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Hearts in Hands ministers to hospice patientscomment (0)

April 28, 2011

By John Evans

Mrs. L lived in the house with the sunken toilet.

She took care of her husband, a hospice patient who was bedridden with cirrhosis of the liver because of alcoholism. Their two granddaughters, abandoned by their mother, who fled after serving a prison sentence, lived with them.

The house, which Mrs. L’s husband had built more than 50 years earlier with untreated lumber, had been mauled by termites. Its only toilet had sunk through the floor, and the cast-iron bathtub was in the process of collapsing. The front porch was too far gone to even support the weight of Mrs. L’s granddaughters; one of them had fallen through the rotten wood.

Frank Burder, founder and president of Hearts in Hands, an independent ministry to hospice patients, arrived one day with a team of volunteers and his family members to fix Mrs. L’s house. Standing next to her husband’s bed, they started to pray, as they do before every project.

“I looked over and Mrs. L said that her husband wanted to pray,” Burder recalled. “He woke up and was reaching out and crying. He couldn’t talk because [he’d] had multiple strokes, but one of my granddaughters held his hand and we prayed that day.”

Burder, a member of The Church at Brook Hills, Birmingham, wasn’t looking to start a ministry like Hearts in Hands when the Lord brought the needs of hospice patients (people who receive care, usually at home, for terminal illnesses) to his attention in 2007.

“This is something I never in my wildest dreams thought I would do,” the retiree said.

That year, he was speaking with a hospice nurse who lamented that she only had time to attend to patients’ health needs and not the other issues they often face. Burder learned that many patients need yard work and home repairs done, which they are often too frail to do themselves. Many live imprisoned in their homes, too immobile to leave and either without family or abandoned by it.

“It was like God was whacking me in the back of the head with a club, saying, ‘Are you [going to] do something?’” Burder said.

The hospice nurse told him of an elderly woman, Miss E, who had simply lost the will to live. Miss E, on oxygen and using a walker, lived alone in a house with no air conditioning or heat. Her trash hadn’t been emptied in months, her dryer didn’t work, her bedsheets hadn’t been changed in a long time and the grass in her yard was 3 feet deep.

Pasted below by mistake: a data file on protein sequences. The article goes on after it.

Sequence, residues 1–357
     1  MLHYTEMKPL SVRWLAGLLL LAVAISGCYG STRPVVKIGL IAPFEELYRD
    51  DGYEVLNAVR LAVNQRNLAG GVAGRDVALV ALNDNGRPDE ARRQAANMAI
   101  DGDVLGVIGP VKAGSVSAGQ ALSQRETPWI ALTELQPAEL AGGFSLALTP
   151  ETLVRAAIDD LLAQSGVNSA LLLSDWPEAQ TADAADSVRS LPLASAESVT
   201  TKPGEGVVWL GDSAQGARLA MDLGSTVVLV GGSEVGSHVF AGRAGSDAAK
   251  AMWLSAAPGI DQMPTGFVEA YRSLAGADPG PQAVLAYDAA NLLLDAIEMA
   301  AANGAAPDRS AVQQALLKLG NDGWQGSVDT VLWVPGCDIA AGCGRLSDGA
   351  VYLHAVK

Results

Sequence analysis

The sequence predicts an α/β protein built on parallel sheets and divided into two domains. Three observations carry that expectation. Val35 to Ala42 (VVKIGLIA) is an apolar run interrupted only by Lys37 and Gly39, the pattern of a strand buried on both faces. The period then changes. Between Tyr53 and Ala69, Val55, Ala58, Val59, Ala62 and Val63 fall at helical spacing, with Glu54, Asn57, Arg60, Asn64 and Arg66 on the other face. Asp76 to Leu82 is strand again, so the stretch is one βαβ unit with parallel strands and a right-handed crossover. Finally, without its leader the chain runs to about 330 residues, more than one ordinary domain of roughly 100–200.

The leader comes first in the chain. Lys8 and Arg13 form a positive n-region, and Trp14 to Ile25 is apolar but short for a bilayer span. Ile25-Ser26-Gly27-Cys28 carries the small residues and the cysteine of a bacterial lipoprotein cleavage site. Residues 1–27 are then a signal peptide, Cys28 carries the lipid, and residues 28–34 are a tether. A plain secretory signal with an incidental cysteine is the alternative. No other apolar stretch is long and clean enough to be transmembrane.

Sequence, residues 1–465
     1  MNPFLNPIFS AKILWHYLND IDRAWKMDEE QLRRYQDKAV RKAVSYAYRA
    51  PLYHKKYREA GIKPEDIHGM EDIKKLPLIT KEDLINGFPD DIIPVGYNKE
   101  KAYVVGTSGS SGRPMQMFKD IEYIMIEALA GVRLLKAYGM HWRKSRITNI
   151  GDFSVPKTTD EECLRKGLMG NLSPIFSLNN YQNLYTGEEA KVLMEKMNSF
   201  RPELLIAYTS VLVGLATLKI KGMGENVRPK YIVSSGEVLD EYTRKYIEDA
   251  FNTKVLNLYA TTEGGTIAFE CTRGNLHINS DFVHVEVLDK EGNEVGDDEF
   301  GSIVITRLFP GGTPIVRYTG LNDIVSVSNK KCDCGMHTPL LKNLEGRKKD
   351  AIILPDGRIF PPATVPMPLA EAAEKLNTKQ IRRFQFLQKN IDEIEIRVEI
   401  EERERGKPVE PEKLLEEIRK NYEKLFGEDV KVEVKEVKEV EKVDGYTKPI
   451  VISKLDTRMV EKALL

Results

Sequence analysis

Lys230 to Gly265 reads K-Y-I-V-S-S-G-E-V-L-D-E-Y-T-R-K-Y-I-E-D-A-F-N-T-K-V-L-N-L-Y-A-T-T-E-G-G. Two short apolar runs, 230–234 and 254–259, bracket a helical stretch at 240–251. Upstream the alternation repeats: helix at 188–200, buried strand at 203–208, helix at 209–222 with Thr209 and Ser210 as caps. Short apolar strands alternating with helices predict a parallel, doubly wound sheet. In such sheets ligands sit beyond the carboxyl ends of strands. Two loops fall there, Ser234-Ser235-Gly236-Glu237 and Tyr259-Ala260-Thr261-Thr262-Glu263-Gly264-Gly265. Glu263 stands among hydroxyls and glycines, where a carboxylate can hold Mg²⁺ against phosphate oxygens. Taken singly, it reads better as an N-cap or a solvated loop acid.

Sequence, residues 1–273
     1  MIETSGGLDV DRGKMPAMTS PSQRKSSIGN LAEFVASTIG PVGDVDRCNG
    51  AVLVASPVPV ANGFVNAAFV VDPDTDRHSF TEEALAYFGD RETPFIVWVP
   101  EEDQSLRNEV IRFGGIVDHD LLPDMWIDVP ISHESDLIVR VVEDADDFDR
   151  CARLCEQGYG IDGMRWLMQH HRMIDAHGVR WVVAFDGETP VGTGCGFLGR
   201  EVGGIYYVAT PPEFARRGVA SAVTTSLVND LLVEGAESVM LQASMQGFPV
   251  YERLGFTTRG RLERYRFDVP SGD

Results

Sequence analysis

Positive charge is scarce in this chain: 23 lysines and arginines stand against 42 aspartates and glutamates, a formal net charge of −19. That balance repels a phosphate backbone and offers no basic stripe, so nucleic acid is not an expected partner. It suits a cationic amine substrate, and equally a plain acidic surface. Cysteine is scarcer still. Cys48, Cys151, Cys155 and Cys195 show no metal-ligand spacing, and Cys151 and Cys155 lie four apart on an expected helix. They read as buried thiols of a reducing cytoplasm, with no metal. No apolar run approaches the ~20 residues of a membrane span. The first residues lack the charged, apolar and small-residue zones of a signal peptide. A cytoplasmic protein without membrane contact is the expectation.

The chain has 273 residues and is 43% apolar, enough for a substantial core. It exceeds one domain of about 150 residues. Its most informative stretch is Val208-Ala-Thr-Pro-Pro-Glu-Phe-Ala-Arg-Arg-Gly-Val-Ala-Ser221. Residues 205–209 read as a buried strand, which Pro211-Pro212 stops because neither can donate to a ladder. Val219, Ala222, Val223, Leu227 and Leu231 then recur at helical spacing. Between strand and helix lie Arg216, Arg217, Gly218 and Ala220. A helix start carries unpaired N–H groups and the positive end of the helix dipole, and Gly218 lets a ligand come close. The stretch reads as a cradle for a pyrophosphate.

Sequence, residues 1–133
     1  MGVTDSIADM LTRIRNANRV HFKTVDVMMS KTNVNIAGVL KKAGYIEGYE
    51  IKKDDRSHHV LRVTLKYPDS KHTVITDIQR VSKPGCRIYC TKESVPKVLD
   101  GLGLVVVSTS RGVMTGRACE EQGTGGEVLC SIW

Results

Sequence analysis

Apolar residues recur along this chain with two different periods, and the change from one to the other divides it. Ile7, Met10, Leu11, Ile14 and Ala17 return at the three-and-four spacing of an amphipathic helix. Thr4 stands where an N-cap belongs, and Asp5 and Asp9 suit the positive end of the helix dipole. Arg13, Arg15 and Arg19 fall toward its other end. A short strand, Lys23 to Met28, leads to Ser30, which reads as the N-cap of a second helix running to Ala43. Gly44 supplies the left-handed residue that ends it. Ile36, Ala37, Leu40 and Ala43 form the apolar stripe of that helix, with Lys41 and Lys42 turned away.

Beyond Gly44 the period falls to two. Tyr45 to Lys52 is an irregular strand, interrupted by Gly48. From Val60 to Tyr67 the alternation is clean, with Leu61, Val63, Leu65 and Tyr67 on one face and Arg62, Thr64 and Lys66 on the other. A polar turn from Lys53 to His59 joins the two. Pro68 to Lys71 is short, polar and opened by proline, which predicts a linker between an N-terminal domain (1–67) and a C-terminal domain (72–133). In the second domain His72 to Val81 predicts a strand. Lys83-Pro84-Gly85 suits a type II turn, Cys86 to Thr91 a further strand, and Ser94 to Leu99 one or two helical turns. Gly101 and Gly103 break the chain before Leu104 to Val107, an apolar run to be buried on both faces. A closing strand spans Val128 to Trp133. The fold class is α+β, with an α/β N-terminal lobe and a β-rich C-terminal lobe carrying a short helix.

Burder and some family members tamed her lawn and fixed what they could inside the house.

“When we left that day, my youngest grandson planted some pansies in a pot and asked her if she wanted to put them outside where they would get some water,” he said. “She said, ‘No,’ that she was looking forward to watering the flowers (herself) because she hadn’t had flowers in awhile. I went home and said to my wife, ‘There are more (people like Miss E) here than we know about.’”

Burder was right. The hospice nurse immediately told him of other patients who needed help, and from that moment, he, members of his family and teams of volunteers have given their weekends for the cause God called them to pursue.  

Hearts in Hands learns of needs through connections with eight hospice groups in the state and carries out an average of two projects a month, though Burder hopes to do more. The work varies from building wheelchair ramps to roofing to yard care. More recently, it has included simply visiting with hospice patients, many of whom, Burder said, are utterly starving for conversation.

“When they’re shut in for medical reasons, it’s like the rest of the world is shut out,” he said. “That’s not the way it should happen. Because they’re shut in, we should not be shut out.”  

Burder only uses volunteers from churches near patients, because one of his goals is to connect (or reconnect) patients to local churches, where they can receive more consistent support and companionship.  

It’s a goal Lance Lee, chaplain and volunteer coordinator with Family Comfort Hospice, agreed is important. He said he encounters hospice patients who are either not Christians or never were connected to a church and local churches will have to actively reach out to them.

“Because of their illness ... they’re not able to physically come to church, so the church must come to them,” Lee said.

Steve Roberson and other volunteers from Catalyst, the nondenominational men’s ministry he leads, have worked with Hearts in Hands on three wheelchair ramps in their area.

“One thing I’ve found is that the need is much greater than I ever really realized,” Roberson said. “Until you start looking, you don’t know.”

He said ministries like Hearts in Hands are important ways for believers to show with actions that they love God as they say they do.

“Needs don’t just always look clean, like putting a check in the offering plate and that’s the end of it,” Roberson added. “Sometimes you have to get right down there in it.”

Burder said the ministry has a crucial need for more funds and volunteers but he has confidence that God will continue to provide everything needed.

Much more than any needs Hearts in Hands may have, Burder speaks of the joy he feels in doing God’s work and seeing hope return to people who had all but given up.  

“You know when you see this patient smiling at you, and they haven’t smiled in six months, they’re smiling because they see God in you, and that’s what we’re supposed to be.”  

For more information, visit www.heartsinhands.org.

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